A view of the Flint River in downtown Flint, Mich., Jan. 24, 2016.
Photo by Danny Wilcox Frazier/VII for MSNBC

Flint water crisis: a timeline

Updated

Tonight on MSNBC, “The Rachel Maddow Show” will host a town hall with residents of Flint, Michigan to discuss the steps ahead in dealing with the town’s toxic water crisis.

But first, how did this disaster happen? Here’s a historical timeline of events that led to the town’s present state of emergency, leaving lives at risk and 100,000 residents without drinkable water. 

Watch the Flint town hall at 9 p.m. EST on MSNBC, or tune in via the livestream here: http://msnbc.com/flinttownhall 

Join the conversation on Twitter with the hashtag #FlintTownHall.

The Flint Water Crisis: A Timeline of Events

  • April 16, 2013
    In order to save money, Flint joins a new water authority that will get water from Lake Huron rather than Detroit. The new water source is expected to be available in three years.
  • April 25, 2014
    The city begins using water from the Flint River until the pipeline from Lake Huron can be completed.
  • May 2014
    Complaints about the new water start coming in from local residents.
  • Aug. 15, 2014
    A boil advisory is issued in parts of the city after water tests positive for E. coli bacteria.
  • Oct. 13, 2014
    The Flint General Motors plant refuses to use the river water because it’s rusting car parts so the city arranges for the company to tap into a different water line. The residents of Flint still have to drink the river water.
  • Jan. 4, 2015
    The city announces that Flint’s water contains such a high level of trihalomethanes, a disinfectant byproduct. Though it’s in violation of the Safe Drinking Water Act, Officials say residents with normal immune systems have nothing to worry about.
  • Feb. 18, 2015
    A consultant hired by the city of Flint to investigate the water quality says the water is safe to drink despite the presence of sediment and discoloration.
  • Feb. 26, 2015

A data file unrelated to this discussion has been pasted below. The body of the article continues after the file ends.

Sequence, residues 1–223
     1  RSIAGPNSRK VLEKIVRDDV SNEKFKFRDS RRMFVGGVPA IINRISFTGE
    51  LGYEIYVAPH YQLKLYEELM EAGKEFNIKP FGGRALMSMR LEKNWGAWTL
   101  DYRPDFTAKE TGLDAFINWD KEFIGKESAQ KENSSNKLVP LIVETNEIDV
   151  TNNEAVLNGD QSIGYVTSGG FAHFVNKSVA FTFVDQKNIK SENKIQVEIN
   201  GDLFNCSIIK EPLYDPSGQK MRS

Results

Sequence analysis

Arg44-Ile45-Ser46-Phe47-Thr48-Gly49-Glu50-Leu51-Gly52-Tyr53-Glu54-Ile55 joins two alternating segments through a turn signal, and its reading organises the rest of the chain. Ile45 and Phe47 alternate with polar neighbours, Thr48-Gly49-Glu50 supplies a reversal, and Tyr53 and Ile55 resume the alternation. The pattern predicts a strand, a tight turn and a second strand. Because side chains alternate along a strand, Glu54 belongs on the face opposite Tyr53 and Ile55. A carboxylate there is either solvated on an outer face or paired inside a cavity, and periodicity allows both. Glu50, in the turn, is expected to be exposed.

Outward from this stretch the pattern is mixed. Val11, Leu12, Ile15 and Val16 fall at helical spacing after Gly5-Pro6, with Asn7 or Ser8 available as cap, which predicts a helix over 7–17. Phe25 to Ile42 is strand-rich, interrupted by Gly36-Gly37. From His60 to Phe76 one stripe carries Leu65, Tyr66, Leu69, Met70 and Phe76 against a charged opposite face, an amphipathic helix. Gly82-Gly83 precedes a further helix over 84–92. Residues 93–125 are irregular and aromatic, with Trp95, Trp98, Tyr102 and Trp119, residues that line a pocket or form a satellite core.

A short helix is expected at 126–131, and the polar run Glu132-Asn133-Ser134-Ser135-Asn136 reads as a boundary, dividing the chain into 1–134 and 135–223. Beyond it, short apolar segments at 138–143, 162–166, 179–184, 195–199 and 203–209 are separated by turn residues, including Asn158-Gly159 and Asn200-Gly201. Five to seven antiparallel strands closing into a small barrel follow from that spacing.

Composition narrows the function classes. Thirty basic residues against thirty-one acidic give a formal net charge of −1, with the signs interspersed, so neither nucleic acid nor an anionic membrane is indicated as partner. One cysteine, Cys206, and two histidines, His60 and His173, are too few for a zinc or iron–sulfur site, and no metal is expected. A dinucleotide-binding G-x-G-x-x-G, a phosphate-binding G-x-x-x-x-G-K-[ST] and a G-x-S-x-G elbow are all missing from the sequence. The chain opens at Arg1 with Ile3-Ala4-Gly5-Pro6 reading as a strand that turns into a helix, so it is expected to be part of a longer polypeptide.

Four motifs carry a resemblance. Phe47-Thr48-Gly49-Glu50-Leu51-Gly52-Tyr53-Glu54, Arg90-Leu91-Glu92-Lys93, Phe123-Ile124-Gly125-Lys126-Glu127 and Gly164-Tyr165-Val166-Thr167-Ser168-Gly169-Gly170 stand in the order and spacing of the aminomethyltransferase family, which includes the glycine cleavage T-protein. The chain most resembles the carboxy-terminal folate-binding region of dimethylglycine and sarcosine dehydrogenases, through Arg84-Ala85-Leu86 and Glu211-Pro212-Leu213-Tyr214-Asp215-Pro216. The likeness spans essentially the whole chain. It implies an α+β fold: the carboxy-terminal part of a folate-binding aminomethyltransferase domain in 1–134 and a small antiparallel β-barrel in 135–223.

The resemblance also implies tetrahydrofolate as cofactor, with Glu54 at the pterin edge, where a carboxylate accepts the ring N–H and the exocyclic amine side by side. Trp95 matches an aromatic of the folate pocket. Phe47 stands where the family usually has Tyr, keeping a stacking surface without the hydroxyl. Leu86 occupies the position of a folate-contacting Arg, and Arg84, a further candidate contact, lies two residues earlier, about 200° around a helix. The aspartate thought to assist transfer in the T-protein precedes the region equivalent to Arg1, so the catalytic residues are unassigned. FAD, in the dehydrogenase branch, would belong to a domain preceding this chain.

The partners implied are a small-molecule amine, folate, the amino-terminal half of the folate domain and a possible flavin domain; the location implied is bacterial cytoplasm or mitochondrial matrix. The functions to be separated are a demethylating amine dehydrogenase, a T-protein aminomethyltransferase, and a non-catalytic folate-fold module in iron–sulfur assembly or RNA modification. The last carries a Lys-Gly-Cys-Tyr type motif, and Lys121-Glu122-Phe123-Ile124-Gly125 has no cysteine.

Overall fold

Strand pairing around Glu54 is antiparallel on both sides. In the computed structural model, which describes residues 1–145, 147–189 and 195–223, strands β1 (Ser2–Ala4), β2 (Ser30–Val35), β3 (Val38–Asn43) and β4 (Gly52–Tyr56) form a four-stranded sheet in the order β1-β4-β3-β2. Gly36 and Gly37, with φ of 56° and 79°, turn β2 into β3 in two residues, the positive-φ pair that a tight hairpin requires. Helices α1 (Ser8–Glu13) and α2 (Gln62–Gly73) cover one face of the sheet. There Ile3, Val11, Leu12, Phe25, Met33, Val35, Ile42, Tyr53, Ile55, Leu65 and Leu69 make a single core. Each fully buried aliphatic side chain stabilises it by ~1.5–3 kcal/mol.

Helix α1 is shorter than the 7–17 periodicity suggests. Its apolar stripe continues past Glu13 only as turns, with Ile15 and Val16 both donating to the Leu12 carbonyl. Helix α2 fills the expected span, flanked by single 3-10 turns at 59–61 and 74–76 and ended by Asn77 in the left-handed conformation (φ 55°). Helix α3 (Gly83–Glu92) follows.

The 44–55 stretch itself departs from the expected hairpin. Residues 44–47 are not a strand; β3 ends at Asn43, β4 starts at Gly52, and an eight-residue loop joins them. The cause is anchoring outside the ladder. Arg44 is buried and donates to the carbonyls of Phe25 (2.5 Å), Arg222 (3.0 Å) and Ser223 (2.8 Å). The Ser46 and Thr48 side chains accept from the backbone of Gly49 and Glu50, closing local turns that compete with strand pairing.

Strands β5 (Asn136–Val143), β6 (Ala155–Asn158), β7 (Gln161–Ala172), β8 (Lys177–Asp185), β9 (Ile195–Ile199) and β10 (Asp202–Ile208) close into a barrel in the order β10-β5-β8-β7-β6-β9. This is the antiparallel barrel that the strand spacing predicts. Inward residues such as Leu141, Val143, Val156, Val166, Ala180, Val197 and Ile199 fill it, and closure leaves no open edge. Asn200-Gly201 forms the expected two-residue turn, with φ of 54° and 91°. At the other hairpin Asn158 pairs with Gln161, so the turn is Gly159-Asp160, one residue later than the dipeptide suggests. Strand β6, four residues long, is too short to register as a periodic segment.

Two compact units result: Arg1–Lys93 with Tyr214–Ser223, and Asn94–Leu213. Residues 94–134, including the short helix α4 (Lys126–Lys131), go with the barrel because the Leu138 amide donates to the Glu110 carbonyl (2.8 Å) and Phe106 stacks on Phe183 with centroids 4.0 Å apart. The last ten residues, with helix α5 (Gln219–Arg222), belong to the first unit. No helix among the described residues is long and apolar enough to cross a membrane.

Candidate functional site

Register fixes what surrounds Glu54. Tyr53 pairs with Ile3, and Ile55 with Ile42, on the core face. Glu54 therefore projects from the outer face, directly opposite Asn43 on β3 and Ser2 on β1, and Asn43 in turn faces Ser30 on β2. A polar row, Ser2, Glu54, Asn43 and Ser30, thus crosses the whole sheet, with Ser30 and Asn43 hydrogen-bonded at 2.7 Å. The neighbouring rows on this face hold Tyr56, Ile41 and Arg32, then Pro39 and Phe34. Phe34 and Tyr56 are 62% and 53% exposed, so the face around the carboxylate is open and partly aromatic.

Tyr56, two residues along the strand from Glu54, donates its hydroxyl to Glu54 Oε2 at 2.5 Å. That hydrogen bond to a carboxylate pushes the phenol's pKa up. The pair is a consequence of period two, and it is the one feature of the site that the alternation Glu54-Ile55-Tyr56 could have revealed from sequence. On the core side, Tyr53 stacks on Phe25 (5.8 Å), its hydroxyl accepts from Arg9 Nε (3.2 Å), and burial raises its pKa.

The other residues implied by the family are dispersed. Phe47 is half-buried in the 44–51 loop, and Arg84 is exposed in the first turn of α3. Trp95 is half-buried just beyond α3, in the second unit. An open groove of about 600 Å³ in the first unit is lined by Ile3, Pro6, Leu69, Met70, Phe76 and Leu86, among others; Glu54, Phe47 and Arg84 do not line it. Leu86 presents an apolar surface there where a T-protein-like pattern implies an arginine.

A manager at the U.S. Environmental Protection Agency tells Michigan officials that the chemistry of the river water means contaminants from pipes, including lead, are leaching into the water system.
  • April 2, 2015
    Flint tells its residents it has flunked the Safe Drinking Water Act again because of the disinfectants.
  • Oct. 1, 2015
    State officials announce that a new analysis of their data shows more children have lead in their blood since the water switch.
  • Oct. 2, 2015
    Gov. Snyder announces the state will buy water filters and test lead in schools. Within a week, he recommends that Flint go back to using water from Detroit.
  • Oct. 16, 2015
    Flint switches back to Detroit water.
  • Jan. 5, 2016
    Snyder declares a state of emergency in Flint. The Department of Justice opens an investigation into the issue.
  • Jan. 12, 2016
    Gov. Snyder calls out to the National Guard to distribute bottled water and filters in Flint.
  • Jan. 13, 2016
    The crisis expands to include Legionnaires’ disease. Officials reveal a spike in cases, including 10 deaths, after the city started using river water.
  • Jan. 16, 2016
    President Barack Obama signs an emergency declaration and orders federal aid for Flint.
  • Jan. 18, 2016
    Snyder admits in an interview with the National Journal that Flint could be his Hurricane Katrina saying, “It’s a disaster.”
Sources: NBCNews.com

Life in Flint: A logistical, financial and health nightmare
As officials search for short-term fixes and long-term answers, Flint residents are living like refugees — with no timetable for returning to normal.

Flint

Flint water crisis: a timeline

Updated